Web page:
Ennis-Hill originally won World Championships silver in 2011, but the Court of Arbitration for Sport has disqualified Chernova
Jessica Ennis-Hill is set to become a three-time world heptathlon champion after the Court of Arbitration for Sport (CAS) ruled that Russia’s Tatyana Chernova would be stripped of the 2011 World Championships gold having committed blood doping offences.
Chernova beat Britain’s Ennis-Hill in Daegu five years ago, but was banned from the sport in 2013 after a reanalysed urine sample from 2009 returned positive.
The Russian subsequently had a ban backdated, though the suspension handed to her by the Russian Anti-Doping Agency (RUSADA) ended just 16 days before the World Championships, meaning she was initially allowed to keep her gold.
However, CAS has ruled that Chernova will be banned for three years and eight months starting from February 5, 2016, for a separate offence and have all results, prize money and titles stripped from her from between August 15, 2011, and July 22, 2013.
A CAS statement read in part: “Tatyana Chernova is sanctioned with a period of ineligibility of three years and eight months, beginning on 5 February 2016. Ms Chernova’s period of suspension from 22 July 2013 until 21 July 2015, previously imposed by the Russian Anti-doping Agency (RUSADA), is to be deducted from this sanction. All results achieved by Tatyana Chernova between 15 August 2011 and 22 July 2013 are annulled and the athlete will forfeit any titles, awards, medals, points and prize and appearance money obtained during this period.”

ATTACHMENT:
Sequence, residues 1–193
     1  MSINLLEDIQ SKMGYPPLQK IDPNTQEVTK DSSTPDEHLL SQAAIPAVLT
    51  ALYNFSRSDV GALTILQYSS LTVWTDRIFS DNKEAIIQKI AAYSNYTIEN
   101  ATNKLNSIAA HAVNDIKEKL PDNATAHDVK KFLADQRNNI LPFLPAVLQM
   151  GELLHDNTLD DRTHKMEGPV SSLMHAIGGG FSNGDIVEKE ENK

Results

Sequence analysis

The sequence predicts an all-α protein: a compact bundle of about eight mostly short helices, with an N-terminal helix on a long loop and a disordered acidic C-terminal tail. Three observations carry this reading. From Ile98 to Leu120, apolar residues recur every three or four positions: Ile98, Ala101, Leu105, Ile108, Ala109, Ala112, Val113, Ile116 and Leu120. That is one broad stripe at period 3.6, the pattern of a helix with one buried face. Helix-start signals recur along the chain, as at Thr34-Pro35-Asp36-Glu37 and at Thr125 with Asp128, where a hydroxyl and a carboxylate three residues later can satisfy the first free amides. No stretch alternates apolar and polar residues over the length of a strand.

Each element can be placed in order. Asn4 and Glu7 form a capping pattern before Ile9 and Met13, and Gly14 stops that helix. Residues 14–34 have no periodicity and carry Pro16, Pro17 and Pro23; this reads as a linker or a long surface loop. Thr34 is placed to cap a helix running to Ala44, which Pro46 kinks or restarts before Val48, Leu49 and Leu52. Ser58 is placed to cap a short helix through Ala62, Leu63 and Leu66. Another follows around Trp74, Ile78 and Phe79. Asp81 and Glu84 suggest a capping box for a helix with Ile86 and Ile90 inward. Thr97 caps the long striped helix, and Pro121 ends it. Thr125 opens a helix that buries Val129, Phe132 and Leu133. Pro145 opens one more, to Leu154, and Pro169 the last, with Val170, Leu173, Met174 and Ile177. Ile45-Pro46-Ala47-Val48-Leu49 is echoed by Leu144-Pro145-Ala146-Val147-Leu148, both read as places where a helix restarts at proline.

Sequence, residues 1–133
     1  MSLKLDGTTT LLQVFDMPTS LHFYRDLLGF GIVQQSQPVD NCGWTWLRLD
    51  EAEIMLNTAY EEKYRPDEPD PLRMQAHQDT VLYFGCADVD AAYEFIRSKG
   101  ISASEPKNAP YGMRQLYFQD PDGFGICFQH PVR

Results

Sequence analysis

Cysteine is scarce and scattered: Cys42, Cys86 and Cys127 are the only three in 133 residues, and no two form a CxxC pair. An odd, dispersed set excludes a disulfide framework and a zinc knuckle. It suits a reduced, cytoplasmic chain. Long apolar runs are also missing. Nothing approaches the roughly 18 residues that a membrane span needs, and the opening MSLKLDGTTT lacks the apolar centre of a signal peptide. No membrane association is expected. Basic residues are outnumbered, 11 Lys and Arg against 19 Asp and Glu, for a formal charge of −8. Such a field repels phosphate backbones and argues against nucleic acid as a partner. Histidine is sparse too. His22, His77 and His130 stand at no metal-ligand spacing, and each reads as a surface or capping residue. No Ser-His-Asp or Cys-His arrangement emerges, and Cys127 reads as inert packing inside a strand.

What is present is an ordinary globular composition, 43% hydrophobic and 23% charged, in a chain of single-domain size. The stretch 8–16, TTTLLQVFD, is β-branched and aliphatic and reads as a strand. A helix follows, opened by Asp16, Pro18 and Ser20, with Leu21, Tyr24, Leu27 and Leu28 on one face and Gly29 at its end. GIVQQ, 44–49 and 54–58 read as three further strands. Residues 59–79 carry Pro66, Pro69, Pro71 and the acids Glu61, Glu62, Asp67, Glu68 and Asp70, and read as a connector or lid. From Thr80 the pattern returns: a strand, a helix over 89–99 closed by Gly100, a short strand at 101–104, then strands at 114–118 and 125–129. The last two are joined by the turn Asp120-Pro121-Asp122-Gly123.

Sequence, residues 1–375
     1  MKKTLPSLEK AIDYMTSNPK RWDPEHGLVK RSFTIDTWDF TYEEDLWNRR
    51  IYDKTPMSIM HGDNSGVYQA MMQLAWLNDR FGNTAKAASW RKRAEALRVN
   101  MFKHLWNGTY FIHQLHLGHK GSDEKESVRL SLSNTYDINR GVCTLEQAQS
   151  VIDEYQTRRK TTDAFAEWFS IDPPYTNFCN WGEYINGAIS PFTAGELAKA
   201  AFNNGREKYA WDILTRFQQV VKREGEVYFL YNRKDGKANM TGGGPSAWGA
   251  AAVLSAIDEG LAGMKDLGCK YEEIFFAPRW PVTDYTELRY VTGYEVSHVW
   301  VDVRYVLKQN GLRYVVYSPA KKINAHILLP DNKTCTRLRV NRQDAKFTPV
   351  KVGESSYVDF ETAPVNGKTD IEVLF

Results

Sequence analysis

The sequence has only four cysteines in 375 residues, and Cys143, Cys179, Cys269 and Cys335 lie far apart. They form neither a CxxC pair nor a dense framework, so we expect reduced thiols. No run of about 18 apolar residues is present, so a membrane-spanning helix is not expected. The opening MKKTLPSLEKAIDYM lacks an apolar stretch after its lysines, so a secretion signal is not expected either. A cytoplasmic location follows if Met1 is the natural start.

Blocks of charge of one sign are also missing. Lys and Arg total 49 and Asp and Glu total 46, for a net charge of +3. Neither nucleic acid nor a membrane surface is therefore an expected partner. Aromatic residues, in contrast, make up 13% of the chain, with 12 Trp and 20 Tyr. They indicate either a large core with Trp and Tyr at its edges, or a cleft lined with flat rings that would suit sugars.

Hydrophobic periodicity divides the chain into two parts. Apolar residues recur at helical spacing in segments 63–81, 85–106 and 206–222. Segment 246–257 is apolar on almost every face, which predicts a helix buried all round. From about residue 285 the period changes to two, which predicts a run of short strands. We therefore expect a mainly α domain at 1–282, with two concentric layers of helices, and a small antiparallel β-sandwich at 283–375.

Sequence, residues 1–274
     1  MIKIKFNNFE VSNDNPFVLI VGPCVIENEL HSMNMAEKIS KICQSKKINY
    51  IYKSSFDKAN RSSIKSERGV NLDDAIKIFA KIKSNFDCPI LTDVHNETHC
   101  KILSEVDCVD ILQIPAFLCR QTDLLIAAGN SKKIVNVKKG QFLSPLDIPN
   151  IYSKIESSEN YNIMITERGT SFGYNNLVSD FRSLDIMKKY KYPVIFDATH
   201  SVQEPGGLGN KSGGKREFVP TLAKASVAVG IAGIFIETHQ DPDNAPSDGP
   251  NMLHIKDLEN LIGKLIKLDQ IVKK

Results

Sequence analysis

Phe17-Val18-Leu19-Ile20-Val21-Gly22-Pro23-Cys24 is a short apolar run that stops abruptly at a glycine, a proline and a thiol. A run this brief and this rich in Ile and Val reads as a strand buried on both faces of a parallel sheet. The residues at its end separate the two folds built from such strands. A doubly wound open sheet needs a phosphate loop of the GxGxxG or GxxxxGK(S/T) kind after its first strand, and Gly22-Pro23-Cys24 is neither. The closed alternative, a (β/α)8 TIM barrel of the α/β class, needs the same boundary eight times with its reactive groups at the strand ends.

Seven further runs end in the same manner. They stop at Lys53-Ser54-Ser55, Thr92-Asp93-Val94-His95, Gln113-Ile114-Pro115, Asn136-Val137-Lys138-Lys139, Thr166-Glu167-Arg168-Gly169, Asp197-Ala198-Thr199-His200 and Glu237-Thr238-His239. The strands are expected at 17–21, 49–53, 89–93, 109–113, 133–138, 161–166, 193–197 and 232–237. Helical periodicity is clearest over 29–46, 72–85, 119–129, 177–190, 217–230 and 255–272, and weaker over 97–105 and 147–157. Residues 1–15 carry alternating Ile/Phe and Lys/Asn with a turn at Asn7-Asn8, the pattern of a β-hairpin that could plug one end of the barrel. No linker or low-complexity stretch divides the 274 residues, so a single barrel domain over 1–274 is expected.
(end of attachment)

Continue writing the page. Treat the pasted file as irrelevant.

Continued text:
Therefore, Chernova also loses her Olympic bronze medal claimed at London 2012.
Adding the 2011 title to her haul would make Ennis-Hill only the second heptathlete in history to win three world titles, with Sweden’s Carolina Kluft.
Ennis-Hill, who announced her retirement in October, wrote on Instagram: “So happy to finally be receiving my gold medal. Triple World Champion WOW.”
CAS also confirmed that middle-distance runners Kristina Ugarova and Ekaterina Sharmina had been handed backdated two and three-year suspensions, respectively, for anti-doping violations.
Due to the suspension of the All-Russia Athletics Federation (ARAF), CAS acted as a first instance decision-making authority in each of the matters.